Active Power's (ACPW) CEO Mark Ascolese on Q4 2015 Results - Earnings Call Transcript

| About: Active Power, (ACPW)

Active Power, Inc. (NASDAQ:ACPW)

Q4 2015 Earnings Conference Call

February 23, 2016 08:30 AM ET


Mark Ascolese - President and CEO

Jay Powers - CFO and VP, Finance


Craig Irwin - ROTH Capital Partners

Amit Dayal - Rodman & Renshaw

Larry Litton - Second Line Capital


Good morning, everyone. Thank you for participating in today's conference call to discuss Active Power's Financial Results for the Fourth Quarter and Full Year ended December 31, 2015.

With us today are Mr. Mark A. Ascolese, President and Chief Executive Officer of Active Power; and Mr. Jay Powers, Chief Financial Officer and Vice President of Finance. Following their remarks, we will open up the call for questions.

Any statements made by management on this call that relate to future results and events are forward-looking statements based on Active Power's current expectations.

Actual results and the outcome of future events could differ materially from those projected in the forward-looking statements because of a number of risks and uncertainties, which are discussed in the company's filings with the SEC and in the cautionary note regarding forward-looking statements in the company's press release. Active Power assumes no obligation to update these forward-looking statements.

On today's call, the company will be referring to adjusted EBITDA, a non-GAAP financial measure. Adjusted EBITDA is reconciled to GAAP net loss in the company's press release, which we encourage you to review.

I would like to remind everyone, that this call will be available for replay via Active Powers’ website at

I would now like to turn the call over to the President and Chief Executive Officer of Active Power, Mr. Mark A. Ascolese. Sir, please go ahead.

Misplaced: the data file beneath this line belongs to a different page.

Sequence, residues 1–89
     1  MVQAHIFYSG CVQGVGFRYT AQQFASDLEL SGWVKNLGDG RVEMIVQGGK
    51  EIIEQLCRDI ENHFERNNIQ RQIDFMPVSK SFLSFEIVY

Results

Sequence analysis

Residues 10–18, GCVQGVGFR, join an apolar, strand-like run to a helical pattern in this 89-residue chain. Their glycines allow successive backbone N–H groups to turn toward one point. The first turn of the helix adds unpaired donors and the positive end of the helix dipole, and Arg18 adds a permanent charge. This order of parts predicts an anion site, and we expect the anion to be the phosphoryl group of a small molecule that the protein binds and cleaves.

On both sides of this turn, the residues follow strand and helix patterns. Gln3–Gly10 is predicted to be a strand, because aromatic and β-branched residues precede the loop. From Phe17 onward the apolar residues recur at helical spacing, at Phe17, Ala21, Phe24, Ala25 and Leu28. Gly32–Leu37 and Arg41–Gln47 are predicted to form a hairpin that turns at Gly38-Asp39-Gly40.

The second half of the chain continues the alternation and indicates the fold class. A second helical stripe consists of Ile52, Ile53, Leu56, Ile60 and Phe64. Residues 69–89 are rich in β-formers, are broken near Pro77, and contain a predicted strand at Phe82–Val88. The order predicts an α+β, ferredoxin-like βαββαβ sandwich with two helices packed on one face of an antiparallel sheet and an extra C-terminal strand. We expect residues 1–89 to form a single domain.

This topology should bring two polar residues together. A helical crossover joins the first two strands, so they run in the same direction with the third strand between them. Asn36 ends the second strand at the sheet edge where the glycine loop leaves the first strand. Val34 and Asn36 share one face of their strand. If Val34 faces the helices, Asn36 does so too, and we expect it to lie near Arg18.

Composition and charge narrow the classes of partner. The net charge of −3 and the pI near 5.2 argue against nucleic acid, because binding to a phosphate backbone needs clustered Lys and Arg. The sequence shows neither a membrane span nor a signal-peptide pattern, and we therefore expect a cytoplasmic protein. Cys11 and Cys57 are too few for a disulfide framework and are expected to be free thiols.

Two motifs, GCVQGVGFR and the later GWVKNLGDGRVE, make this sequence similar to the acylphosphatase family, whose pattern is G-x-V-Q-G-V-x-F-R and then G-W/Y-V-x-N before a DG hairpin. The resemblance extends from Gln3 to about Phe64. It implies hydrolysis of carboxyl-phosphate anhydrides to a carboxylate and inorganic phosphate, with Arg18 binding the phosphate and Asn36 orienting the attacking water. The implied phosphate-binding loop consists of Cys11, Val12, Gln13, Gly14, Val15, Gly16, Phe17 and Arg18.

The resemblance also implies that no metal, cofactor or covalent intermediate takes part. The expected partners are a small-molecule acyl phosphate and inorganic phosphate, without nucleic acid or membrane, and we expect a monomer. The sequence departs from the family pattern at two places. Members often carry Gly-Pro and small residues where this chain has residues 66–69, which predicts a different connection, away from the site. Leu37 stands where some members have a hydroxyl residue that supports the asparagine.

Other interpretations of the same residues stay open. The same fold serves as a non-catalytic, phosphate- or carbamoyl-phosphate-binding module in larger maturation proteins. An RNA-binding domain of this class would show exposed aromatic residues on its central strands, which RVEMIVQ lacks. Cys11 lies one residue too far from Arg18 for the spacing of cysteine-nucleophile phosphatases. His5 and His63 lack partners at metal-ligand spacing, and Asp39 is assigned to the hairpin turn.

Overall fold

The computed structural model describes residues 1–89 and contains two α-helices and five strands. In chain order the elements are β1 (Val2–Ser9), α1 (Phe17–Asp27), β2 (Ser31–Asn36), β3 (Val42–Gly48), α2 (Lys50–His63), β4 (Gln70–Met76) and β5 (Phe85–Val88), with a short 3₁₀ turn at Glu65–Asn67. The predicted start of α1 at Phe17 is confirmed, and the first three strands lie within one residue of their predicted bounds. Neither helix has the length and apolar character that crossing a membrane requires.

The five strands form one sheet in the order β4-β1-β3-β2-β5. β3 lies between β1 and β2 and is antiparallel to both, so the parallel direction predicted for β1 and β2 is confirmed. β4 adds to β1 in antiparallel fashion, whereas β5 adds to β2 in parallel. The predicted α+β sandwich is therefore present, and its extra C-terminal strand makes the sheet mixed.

Mark Ascolese

Good morning everyone. We issued a press release earlier today, announcing results for our fourth quarter and full year ended December 31, 2015. To summarize 2015, we are pleased to have delivered the strongest overall annual performance for Active Power over a three year period.

We demonstrated steady improvement across all of our key financial and operational metrics in 2015 including revenue, gross margin, operating expense, EBITDA and cash. We achieved double-digit annual growth in UPS and Modular Infrastructure Solutions or MIS, while reducing expenses and improving gross margin.

These results were due in part to a renewed focus on selling in to non-IT applications, increased adoption of our ClearSource HD UPS product and closer engagement with our OEM partner Caterpillar. Our backlog also improved 15% in 2015 compared to the prior year.

While we reported solid growth, we had and continue to content with a global economic slowdown, which we began seeing in mid-2015. This general malaise in the market is producing challenges across the board, which we’re seeing in the lengthening of sales cycles. We haven’t seen any order cancellations by our customers, but rather delays and orders being awarded and schedule changes to deferred delivery.